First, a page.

Execs Are Dumping Stock. Is It Time to Sell?
Life + Money

Execs Are Dumping Stock. Is It Time to Sell?

As stocks have soared, top executives and other insiders appear to have turned bearish. Should you follow their lead?

As the stock market rally heads toward its sixth month, corporate executives are looking to cash in. Nike (NKE) Chief Financial Officer Donald Blair sold 11,000 shares of his stock in the company – more than $1.2 million worth – earlier this month, according to SEC filings. Michael Kors, the fashion designer and chief creative officer of Michael Kors Holdings (KORS), will unload nearly 3 million shares of his company’s stock, which has almost doubled since its first day of trading in December. The planned sale represents more than 18 percent of his current stake. And Mark Pincus, the CEO of Zynga (ZNGA), plans on selling more than $200 million worth of his stock in a secondary offering of shares in the videogame-maker, which also went public in December.

Across corporate America, as stocks have soared – the S&P 500 is up nearly 30 percent from its October 03, 2011 low, while the Dow Jones industrial average has climbed nearly 25 percent over that time – some top executives and other insiders have turned bearish. Insiders have sold $4.7 billion worth of stock so far this month, putting March on pace for the highest total since last May. And the ratio of selling to buying reached 20.8, the most bearish it’s been since early last year, according to TrimTabs Investment Research, which tracks insider transactions. “What we’ve seen,” says David Coleman, editor of Vickers Weekly Insider Report published by Argus Research, “are levels of sales relative to purchases that we have not seen since about February 2011.”

The increased selling activity fits with previous market cycles. “Historically, what has always happened is as stock prices go up, at some point company buying turns into selling,” says Charles Biderman, CEO of TrimTabs. “It looks like we’re in that price range in the market.” The ramped up selling comes as companies have often been using their built-up cash to buy shares or announce future buyback programs in an attempt to reward shareholders and entice new investors.

“As Wall Street strategists are almost universally urging investors to load up on stocks, insiders are doing the opposite.”

“While corporate insiders are committing plenty of corporate money to repurchase shares, they are massive net sellers with their own money,” Biderman and David Santschi of TrimTabs wrote in a report this week. “As Wall Street strategists are almost universally urging investors to load up on stocks, insiders are doing the opposite.”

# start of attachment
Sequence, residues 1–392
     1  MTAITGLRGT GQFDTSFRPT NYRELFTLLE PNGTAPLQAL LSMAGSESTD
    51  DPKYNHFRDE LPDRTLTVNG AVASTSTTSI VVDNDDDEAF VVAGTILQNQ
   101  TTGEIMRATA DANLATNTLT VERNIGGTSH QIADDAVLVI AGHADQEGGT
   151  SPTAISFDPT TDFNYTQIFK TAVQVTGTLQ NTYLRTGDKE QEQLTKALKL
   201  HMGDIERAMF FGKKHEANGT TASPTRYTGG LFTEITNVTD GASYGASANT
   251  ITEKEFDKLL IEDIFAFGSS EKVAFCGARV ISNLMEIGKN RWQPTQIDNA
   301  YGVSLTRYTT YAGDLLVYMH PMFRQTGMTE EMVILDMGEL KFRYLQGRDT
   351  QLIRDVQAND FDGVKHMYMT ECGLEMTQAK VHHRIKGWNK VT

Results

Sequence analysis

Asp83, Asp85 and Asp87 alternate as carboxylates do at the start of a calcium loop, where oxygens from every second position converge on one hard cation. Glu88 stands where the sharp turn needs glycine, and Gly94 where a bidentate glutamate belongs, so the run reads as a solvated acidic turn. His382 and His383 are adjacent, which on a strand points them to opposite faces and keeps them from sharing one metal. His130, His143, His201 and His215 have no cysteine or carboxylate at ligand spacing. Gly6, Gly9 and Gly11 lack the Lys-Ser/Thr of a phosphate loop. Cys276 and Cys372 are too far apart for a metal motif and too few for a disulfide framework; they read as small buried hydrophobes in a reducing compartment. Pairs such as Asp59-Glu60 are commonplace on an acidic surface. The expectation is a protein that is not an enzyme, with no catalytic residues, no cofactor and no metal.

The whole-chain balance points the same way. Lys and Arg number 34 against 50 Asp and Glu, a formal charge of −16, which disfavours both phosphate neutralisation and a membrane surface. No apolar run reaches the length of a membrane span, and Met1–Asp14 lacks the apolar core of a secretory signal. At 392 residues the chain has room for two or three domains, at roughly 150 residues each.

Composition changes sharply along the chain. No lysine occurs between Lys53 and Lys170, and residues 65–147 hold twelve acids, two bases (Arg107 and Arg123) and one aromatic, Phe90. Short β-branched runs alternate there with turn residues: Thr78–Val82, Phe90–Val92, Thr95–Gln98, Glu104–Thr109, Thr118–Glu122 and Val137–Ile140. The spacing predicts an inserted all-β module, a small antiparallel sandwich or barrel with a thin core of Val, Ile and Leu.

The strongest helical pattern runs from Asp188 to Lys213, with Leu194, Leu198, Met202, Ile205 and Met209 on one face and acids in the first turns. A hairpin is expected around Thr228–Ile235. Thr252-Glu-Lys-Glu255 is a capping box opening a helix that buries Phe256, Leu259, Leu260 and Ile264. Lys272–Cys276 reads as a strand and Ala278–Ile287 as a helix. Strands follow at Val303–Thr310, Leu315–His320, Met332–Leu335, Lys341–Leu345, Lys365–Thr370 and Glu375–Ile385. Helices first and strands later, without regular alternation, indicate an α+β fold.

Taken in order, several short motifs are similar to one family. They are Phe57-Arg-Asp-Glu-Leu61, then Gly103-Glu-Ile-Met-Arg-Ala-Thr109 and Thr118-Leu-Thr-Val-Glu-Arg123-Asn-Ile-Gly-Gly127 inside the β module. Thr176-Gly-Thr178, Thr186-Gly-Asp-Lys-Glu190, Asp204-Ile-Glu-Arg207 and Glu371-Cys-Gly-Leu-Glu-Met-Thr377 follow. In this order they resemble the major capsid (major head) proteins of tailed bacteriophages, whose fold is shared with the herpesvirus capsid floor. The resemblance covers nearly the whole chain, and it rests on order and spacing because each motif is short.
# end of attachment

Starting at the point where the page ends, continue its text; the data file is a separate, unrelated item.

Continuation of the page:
Insider selling isn’t the only sign companies think stock prices are high. They have also pulled back on using cash in takeover deals, preferring to use stock instead, Biderman says. New cash takeovers have totaled $17 billion this year, the slowest pace since 2003, according to TrimTabs. And companies in the S&P 500 slowed the rate of share buybacks by nearly 23 percent from the third quarter to the fourth quarter of last year, according to analyst Howard Silverman of Standard & Poor’s. That slowdown has continued in recent weeks, despite a high-profile announcement from Apple (AAPL). Combined with the faster pace at which corporate insiders are selling, that’s a series of bearish signals, Biderman says – “something that happens in the area of tops.”

“In every market, the house has an advantage because they know more than the players."

So should regular investors be paying heed to insider activity and pulling money out of the market too? After all, the insiders are the smart money. “In every market, the house has an advantage because they know more than the players,” Biderman says. “Who knows more about what’s going on, them or you?”

The problem is that insiders aren’t always easy to read correctly. “Insider trading is a signal, but it’s a noisy signal,” says Nejat Seyhun, a professor of finance and business administration at the University of Michigan and the author of “Investment Intelligence from Insider Trading.” For one thing, sales by corporate executives aren’t as telling as their purchases. They might be reducing their holdings for reasons that have little to do with the company – to raise some cash for personal financial reasons, for example, or to diversify their portfolios. Or they might just be taking some profits. “Increasing insider sales coupled with increasing stocks prices is not as worrisome as increasing insider sales while prices are going down,” says Seyhun.

And it’s not unusual for insiders to sell more than they buy. “Since corporate insiders typically receive stock as part of their compensation, it is normal for insiders to sell about 2 shares on the open market for every share they purchase outright,” mutual fund manager John Hussman wrote in a market commentary earlier this month.

This time, though, the numbers could suggest that bulls are due for a breather, especially because insiders have also been trading more actively over the last two months than they had been, on average, over the last five years, according to Coleman of the Vickers Weekly Insiders Report.

Biderman and others say it may be too soon to trade on the trend. “It’s only a few weeks that we’ve seen this heavy selling,” Biderman says. “If it stops and reverses, then this is just a pause. If it continues then this is something to worry about.” But at the very least, it’s a trend worth watching. “We’ve had bearish insider sentiment and high levels of insider participation for two consecutive months now,” Coleman says. “When you have a combination of those two factors, along with the simple fact that the markets have been rallying, if nothing else it’s a cautionary flag to investors.”